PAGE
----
- Their first sick day and how quickly they took it
- Their number of days training
- Their branch’s location
- Their monthly revenue
- Their leave patterns
The 600 data points of the common/respective behaviors that employees demonstrated before they resigned were fed into the machine learning. With 85 percent accuracy, it told the bank which people were likely to leave within three months.
Today this model creates a monthly report (a digital nudge) that alerts supervisors about potential employees resigning, and it prescribes specific actions managers can take. When they take these corrective actions, the bank retains more than 90% of employees who might ordinarily have left. And for every 1% improvement in reducing turnover, the bank can save up to $5 million.
Adopting chatbots in HR
In 2018 the HR department launched 'HiRi', an AI-powered employee chatbot that provides easy, instant and personalized responses to HR matters 24/7. This self-service chatbot alleviates routine transactions, such as employees calling to check on the number of days leave they have left. This also allows HR personnel to focus on more strategic interactions.
JIM – AI recruiter
One of the most successful experiments and use of data has been JIM, short for Jobs Intelligence Maestro. In 2018 the bank launched Southeast Asia’s first virtual recruitment bot to make hiring wealth planning managers more efficient. In that year the bank hired 40% more wealth planning managers to support its rapidly growing wealth management business. With the increased number of applicants, recruiters were spending up to 20% of their time collecting information and responding to emails before meeting with their shortlisted candidates. The HR team sought ways to simplify the process. The bank also wanted to mitigate the risk of bias from, for example, cultural backgrounds, schools attended or grade point averages alone. A key impetus was also to make the journey “joyful” for recruiters and candidates.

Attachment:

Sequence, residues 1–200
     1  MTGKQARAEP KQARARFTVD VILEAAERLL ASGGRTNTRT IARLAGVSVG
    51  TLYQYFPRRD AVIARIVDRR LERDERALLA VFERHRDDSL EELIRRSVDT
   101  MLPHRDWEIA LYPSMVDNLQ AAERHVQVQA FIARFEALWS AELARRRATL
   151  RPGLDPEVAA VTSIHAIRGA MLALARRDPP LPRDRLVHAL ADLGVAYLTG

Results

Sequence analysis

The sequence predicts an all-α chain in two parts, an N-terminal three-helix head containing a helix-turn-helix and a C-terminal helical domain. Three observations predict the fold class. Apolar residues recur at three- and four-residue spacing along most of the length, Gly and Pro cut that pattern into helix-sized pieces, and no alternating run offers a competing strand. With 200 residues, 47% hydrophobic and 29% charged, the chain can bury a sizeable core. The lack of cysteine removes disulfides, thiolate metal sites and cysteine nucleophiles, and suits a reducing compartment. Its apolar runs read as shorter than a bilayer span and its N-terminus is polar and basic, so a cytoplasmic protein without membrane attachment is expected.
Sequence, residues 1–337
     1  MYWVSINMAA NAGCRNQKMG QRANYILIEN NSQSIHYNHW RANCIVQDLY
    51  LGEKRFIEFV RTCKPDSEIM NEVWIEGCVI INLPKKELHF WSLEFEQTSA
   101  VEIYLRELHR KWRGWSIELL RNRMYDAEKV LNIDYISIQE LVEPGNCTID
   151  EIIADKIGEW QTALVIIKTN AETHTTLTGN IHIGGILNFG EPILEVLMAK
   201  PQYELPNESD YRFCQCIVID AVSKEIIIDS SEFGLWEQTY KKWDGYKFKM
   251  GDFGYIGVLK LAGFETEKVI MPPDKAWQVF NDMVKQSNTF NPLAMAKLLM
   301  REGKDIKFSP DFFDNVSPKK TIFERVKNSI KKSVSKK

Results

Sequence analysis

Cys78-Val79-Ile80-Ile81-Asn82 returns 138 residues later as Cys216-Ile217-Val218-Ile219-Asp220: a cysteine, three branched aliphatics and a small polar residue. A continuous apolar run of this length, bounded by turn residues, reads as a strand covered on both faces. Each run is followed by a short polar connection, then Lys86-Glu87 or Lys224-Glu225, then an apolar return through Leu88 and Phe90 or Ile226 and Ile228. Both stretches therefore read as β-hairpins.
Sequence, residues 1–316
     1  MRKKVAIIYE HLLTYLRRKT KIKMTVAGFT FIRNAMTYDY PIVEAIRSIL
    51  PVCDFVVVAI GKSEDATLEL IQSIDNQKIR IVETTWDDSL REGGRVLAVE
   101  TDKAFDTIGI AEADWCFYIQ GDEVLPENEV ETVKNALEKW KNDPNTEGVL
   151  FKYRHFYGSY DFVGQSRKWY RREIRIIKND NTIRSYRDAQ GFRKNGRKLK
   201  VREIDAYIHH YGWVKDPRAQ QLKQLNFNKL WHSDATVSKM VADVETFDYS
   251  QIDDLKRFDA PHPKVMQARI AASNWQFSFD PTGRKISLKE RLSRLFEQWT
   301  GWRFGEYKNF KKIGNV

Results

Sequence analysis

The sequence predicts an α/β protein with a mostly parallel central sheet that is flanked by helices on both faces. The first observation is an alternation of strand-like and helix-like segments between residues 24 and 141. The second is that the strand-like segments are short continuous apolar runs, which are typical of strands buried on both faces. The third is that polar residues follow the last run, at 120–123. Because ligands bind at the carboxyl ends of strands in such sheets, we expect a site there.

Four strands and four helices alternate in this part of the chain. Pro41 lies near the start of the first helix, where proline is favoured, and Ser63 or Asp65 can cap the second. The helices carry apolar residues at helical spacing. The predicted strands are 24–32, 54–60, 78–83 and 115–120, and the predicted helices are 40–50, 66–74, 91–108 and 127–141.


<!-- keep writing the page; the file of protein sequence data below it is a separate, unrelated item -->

JIM automated the prescreening process of reviewing résumés, collecting applicants’ responses for interview questions and conducting psychometric assessments.
Today JIM reviews résumés, collects applicants’ responses for pre-screening questions, conducts psychometric profiling assessments and answers questions. Its benefits are numerous:
- 24/7 – Candidates can apply to join DBS at any time of any day; they don’t need to take time off work. The process is less painful for the candidate, and internally recruiters save around 40 man-hours a month.
- Removes bias – Candidates are able to check online what the bank is about, its culture and environment. They can view a video job description and ask JIM questions. If they like what they see they can then move on to part two.
- Screening – Leveraging data analytics, the bank has built a profile of a top sales performer. This information informs the way HR assesses candidates. For example, candidates might answer situational questions that demonstrate their ability to manage difficult customers.
- Psychometric Test – Candidates have the flexibility to take the psychometric test at a time that works best for them. Prior to JIM the dropout rate at this stage was 50% for reasons such as candidates not having time to test in person or recruiters not following through.
Once candidates complete the test successfully, they are invited to schedule an interview. Because of JIM and these changes, the bank’s churn rate of sales new hires dropped from 27% to 18%.
As employee expectations and the nature of work evolves, DBS’s HR team continues to redesign the culture to make people’s lives better. The goal is to balance the financial with the nonfinancial benefits as the whole bank focuses on being more data driven—and more joyful.
Robin Speculand, pictured below, is the founder of three businesses and three associations, CEO of Bridges Business Consultancy Int and co-founder of the Strategy Implementation Institute and the Ticking Clock Guys. He is also a TEDx presenter and facilitator for IMD, Duke CE and Singapore Management University, and a prolific bestselling author. He recently authored World’s Best Bank - A Strategic Guide to Digital Transformation.